The District’s districts
School board redisticting struggle parallels legislative battle
If anyone who spent much time at this year’s Nevada Legislature was in attendance at last week’s Washoe County School Board meeting, there had to be a feeling of déjà vu.
During discussion of how to redraw the election districts within the Washoe County School District, board members ran up against exactly the issues that divided the legislators.
None of the current members were on the school board the last time it was redistricted in 2001, so they are learning the process as they go. Part of that education was a briefing last week by their attorney, Randy Drake, explaining the U.S. Voting Rights Act and federal court rulings that have an impact on redistricting plans across the nation.
Particularly at issue is Nevada’s rapidly growing Latino population, which is considered a “community of interest”—a legal term generally meaning a fairly contiguous population sharing common social and economic interests. The law recognizes the importance to such communities of being contained within their own districts.
At the Legislature earlier this year, Republicans proposed a plan under which Latinos—who make up 26.5 percent of the state’s population—were packed into a single U.S. House district, giving them a majority in that district. Democrats proposed a plan in which Latinos were made the dominant force in three U.S. House districts, but not a majority in any of them.
When the Legislature approved the Democratic plan, Gov. Brian Sandoval vetoed it in part on grounds that it violated the Voting Rights Act.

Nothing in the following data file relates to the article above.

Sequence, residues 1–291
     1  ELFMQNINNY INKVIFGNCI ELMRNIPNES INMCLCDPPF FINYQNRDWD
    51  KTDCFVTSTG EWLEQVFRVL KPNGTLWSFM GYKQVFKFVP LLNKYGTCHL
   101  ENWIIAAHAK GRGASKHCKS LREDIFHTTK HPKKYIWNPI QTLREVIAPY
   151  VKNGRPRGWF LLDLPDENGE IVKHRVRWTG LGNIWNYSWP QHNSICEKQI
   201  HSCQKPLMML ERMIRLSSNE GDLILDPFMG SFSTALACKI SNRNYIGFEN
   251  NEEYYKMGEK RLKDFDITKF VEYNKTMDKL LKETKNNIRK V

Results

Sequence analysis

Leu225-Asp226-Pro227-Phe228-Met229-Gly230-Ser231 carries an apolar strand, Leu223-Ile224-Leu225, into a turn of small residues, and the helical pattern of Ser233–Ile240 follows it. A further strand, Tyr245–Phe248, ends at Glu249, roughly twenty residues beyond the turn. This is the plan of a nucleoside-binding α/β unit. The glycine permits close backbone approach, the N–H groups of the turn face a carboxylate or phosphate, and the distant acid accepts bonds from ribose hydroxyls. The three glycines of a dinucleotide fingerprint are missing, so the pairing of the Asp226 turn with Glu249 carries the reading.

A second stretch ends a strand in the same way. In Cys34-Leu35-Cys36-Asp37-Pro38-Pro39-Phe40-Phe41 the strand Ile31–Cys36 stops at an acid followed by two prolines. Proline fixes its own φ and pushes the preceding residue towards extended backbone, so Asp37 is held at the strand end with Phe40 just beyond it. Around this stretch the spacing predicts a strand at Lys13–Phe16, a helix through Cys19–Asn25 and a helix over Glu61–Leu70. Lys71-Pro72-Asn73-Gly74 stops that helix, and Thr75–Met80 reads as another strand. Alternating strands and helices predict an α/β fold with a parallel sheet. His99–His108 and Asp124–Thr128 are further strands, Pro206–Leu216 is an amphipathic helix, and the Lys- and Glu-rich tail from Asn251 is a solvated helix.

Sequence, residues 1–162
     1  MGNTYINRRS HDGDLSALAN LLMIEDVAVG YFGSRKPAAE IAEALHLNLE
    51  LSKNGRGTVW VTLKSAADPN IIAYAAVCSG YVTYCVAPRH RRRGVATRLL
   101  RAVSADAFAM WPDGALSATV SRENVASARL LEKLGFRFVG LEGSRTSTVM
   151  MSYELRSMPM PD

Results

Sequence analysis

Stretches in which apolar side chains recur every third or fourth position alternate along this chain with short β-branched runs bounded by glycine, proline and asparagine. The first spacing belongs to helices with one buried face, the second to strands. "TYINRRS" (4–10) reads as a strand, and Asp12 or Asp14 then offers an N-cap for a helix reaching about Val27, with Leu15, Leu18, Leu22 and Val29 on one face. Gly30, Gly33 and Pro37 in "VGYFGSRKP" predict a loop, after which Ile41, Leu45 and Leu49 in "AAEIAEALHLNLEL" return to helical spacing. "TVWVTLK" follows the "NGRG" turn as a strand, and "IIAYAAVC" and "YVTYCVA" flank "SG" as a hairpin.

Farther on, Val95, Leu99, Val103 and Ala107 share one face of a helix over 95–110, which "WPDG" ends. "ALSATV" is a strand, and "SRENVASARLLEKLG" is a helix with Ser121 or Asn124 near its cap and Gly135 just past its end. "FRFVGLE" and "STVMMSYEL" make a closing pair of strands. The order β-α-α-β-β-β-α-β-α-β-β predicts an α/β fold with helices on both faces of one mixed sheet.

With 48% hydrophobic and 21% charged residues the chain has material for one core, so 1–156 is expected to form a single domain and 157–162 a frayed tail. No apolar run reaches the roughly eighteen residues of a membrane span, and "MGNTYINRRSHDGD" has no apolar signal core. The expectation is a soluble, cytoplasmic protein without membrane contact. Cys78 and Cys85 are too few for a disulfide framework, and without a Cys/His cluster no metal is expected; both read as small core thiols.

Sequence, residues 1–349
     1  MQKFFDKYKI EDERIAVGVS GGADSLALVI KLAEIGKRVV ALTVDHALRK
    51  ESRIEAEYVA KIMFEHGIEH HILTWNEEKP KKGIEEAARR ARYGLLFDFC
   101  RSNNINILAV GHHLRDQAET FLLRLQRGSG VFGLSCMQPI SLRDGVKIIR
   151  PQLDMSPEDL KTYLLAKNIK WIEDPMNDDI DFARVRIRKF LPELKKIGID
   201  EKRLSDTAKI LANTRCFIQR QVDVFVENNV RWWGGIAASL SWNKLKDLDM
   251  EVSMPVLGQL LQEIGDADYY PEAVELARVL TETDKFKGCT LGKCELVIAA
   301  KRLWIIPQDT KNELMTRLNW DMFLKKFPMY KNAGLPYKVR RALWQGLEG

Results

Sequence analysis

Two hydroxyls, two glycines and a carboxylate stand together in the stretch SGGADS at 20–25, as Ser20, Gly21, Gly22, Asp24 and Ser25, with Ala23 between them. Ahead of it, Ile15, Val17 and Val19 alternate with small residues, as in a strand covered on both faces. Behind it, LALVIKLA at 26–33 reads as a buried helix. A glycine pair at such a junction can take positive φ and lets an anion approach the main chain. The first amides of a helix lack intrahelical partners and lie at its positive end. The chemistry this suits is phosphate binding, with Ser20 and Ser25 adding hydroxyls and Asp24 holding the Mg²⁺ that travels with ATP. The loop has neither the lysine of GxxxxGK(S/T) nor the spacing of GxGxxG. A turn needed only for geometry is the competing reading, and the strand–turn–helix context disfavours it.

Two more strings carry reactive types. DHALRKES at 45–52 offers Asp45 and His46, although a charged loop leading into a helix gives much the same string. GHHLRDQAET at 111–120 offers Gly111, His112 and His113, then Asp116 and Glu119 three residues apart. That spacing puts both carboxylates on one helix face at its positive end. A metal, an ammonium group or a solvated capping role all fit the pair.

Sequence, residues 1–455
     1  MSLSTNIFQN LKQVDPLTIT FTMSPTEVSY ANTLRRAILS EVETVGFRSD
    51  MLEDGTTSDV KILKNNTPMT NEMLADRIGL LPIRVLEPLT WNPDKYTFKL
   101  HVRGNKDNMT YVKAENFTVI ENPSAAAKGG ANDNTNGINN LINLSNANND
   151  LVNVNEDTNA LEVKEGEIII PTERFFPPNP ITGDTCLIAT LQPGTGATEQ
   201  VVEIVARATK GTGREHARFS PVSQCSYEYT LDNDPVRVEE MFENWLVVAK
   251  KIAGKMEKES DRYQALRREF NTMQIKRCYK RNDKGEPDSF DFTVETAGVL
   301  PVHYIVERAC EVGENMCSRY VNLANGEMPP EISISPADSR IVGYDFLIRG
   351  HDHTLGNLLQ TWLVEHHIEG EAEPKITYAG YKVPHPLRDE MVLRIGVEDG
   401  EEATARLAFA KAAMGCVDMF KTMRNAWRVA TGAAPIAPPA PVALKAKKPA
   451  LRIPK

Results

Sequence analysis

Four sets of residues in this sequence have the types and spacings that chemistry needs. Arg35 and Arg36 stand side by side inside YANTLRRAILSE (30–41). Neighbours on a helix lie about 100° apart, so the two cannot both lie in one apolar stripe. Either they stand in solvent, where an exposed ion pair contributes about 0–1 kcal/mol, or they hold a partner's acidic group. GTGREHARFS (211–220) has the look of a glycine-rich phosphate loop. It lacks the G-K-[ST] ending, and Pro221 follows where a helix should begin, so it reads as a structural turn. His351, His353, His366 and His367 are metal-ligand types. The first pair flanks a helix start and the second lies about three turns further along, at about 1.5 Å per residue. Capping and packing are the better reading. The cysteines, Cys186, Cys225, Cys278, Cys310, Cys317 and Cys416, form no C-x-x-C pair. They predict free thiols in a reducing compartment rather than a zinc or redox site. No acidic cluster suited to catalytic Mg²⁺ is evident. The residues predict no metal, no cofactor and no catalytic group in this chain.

That stalemated the Legislature, which adjourned for the year and went home without redistricting at all.
In briefing the Washoe school board members last week, Drake told them that when a community of interest makes up less than 50 percent of a district, pulling additional members of that community into the district to create a majority is a violation of the law.
“Yes, that would be packing that district with that minority population in violation of the Voting Rights Act,” Drake said in response to a question from school board member Dan Carne.
That prompted Carne to raise the issue that the Legislature faced—whether it is of greater assistance to members of a community of interest to give them a district of their own in which they can elect one of their members, or more than one district to increase their overall voting strength and the responsiveness of the governing body to them. Carne referred specifically to Sun Valley, a heavily Latino area that is currently split between two school board districts.
Carne asked, “Are they better represented by John [Mayer] and Barbara [Clark], each representing part of Sun Valley and therefore having two voices on the board, or are they better represented by all of Sun Valley being in John’s district and having one voice? … Are they better represented from their standpoint with two representatives or one?” The italics represent emphasis in Carne’s voice.
Drake and district staffers drew up several proposed districts for the school board members to consider. The new district plan will apply to the 2012 election, and the districts will be drawn after the board holds public meetings where they can gauge public sentiment.
One of the proposals, Plan One, seemed to be particularly unpopular with a couple of board members who said it should be dropped and not even shown to the public because it disrupts existing districts too severely—“But I would say plan number one is so ridiculous as far as taking and redoing Mr. Kelley’s and my areas,” said board member Ken Grein, also referring to his colleague Scott Kelley. “I mean, complete opposite—it’s just like moving to another whole area. It’s moving completely out of any area I have now, so I would say pull plan number one, take the rest on the road, and let’s hear what they say.” Kelley agreed.